It may seem like binge drinking is just a fact of college life, but a number of institutions of higher-education are proving otherwise.
Survey data show notable drops in student binge drinking at several colleges and universities, The Wall Street Journal (WSJ) reported Feb. 16. For example:
- Alcohol-related violations dropped 3.7 percent at North Dakota State University in Fargo, N.D. over two years.
- Between 2007 and 2009, “problem drinking” fell 12 percent at the University of Pittsburgh.
- The number of Purdue students who engaged in binge drinking sank from 48 percent in 2006 to 37.3 percent in 2009.
- Frostburg State University in Maryland saw binge drinking plummet 27% over the past decade.
Prevention advocates say the drop in risky drinking is no accident. Students and administrators are making concerted efforts to provide students with fun, late-night activities that are alcohol-free – and offered regularly.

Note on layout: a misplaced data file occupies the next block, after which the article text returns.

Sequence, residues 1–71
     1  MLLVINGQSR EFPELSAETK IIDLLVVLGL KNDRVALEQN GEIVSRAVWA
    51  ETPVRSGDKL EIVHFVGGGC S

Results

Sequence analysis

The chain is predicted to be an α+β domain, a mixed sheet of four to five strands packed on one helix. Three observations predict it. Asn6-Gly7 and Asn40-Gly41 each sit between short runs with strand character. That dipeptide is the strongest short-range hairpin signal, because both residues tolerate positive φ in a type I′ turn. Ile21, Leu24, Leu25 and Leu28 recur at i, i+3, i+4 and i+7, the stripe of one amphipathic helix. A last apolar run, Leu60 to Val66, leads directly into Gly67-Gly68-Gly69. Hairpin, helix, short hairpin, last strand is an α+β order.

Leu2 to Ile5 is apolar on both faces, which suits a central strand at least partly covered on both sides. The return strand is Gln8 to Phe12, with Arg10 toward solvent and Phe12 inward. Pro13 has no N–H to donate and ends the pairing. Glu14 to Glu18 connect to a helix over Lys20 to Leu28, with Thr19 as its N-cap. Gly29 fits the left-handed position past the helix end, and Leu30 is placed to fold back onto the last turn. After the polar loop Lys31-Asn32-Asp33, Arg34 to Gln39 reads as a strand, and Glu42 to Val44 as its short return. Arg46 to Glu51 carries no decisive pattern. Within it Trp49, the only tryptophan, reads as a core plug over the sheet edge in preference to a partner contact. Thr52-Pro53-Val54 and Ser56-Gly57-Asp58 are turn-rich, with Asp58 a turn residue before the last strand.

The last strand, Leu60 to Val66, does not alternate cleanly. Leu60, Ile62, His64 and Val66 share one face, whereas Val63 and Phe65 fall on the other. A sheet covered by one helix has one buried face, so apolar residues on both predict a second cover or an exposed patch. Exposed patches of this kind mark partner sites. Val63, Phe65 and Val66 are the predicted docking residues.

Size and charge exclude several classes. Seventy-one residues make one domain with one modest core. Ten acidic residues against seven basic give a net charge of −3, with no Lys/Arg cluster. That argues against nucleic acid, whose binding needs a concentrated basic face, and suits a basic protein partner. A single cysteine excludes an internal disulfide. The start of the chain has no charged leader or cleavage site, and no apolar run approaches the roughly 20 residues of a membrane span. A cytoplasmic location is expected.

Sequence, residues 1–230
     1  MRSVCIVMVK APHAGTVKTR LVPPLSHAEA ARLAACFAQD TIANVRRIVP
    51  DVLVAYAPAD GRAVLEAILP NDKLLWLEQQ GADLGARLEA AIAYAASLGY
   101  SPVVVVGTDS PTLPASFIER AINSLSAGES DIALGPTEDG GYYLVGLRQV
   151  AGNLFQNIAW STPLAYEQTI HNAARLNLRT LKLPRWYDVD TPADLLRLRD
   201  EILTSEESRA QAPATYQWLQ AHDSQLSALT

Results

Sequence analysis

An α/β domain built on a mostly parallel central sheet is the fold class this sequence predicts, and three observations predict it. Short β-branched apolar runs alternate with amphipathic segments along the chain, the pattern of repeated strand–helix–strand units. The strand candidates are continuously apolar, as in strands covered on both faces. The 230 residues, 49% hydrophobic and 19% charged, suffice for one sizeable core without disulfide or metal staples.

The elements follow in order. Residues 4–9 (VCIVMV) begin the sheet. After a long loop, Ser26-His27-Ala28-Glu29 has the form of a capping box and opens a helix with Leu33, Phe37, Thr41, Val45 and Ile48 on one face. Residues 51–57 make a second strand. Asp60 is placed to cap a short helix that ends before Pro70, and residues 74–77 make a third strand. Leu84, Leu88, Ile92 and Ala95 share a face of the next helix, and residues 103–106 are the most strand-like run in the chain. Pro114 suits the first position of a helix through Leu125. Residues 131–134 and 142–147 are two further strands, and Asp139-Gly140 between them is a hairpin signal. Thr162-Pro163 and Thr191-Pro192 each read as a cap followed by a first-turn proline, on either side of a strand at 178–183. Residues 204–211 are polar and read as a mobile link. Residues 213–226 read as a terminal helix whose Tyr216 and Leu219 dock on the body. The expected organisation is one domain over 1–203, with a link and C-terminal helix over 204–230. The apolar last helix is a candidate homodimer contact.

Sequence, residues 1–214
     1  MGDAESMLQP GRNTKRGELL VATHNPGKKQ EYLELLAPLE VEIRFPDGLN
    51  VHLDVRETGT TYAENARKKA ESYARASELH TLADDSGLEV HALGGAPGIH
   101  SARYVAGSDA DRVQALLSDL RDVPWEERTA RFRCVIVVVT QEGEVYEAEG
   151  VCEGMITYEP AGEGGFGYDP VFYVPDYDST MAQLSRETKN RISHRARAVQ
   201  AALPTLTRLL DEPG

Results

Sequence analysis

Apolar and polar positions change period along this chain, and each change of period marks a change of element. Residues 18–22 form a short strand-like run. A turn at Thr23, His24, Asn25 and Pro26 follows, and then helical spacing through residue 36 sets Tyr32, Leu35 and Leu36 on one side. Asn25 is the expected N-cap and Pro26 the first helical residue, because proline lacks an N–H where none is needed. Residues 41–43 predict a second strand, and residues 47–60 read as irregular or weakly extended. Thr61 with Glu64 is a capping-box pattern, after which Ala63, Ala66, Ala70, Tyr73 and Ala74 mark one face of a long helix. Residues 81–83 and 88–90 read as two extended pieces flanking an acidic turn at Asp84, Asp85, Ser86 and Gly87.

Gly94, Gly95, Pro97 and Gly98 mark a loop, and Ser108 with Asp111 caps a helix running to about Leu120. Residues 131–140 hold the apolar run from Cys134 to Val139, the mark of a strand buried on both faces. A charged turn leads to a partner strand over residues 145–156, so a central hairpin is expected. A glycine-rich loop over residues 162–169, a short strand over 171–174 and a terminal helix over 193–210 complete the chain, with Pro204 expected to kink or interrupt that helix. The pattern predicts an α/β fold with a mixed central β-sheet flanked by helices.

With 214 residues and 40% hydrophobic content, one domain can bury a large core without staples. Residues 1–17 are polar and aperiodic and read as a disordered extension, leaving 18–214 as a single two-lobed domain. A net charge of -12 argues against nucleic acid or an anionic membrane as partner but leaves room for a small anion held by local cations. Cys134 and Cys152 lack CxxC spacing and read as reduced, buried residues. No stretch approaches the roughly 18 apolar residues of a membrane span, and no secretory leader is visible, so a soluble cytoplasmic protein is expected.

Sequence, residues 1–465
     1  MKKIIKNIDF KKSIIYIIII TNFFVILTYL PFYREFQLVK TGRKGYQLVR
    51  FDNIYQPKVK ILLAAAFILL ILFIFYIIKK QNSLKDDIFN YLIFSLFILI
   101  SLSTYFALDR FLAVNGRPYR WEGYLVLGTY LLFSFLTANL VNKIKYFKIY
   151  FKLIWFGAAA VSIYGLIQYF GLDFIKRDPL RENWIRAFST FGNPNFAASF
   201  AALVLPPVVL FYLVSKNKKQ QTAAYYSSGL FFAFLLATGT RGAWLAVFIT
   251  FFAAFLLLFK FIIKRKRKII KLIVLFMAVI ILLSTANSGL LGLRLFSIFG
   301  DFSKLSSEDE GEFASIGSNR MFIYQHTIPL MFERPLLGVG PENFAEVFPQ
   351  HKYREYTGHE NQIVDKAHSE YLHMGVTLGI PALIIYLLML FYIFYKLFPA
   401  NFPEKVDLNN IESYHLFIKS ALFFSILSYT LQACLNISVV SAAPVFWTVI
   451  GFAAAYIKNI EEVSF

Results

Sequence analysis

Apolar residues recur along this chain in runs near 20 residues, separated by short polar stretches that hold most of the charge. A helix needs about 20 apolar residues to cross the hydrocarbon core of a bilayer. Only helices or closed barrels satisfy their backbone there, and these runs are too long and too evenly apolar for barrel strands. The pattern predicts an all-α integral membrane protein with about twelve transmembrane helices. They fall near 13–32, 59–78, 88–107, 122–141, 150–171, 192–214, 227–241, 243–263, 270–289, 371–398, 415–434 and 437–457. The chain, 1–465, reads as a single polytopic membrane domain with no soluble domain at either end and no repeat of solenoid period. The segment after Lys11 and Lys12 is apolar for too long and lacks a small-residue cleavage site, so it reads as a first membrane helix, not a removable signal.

What could possibly compete with a beer keg? The Wall Street Journal lists a dizzying array of activities, including alcohol-free tailgate parties, carnivals, movie showings, simulated sumo wrestling, bowling, arcade games, and contests.
For more ideas, check out Outside the Classroom, a Massachusetts-based provider of prevention programming and research for college students, mentioned in the Journal article. According to the organization’s CEO, Brandon Busteed, similar alcohol-free activities are provided on a regular, coordinated basis by about 100 colleges and universities.
But what if the alcohol-free events only attract non-drinkers or light drinkers?
“Philosophically it doesn’t matter to us,” said Laura Oster-Aaland, director of orientation and student success at North Dakota State University in Fargo, N.D. “We feel it’s really important to support those students who are non-drinkers, because if there’s nothing for them to do they will probably become drinkers.”
The numbers suggest she’s on to something.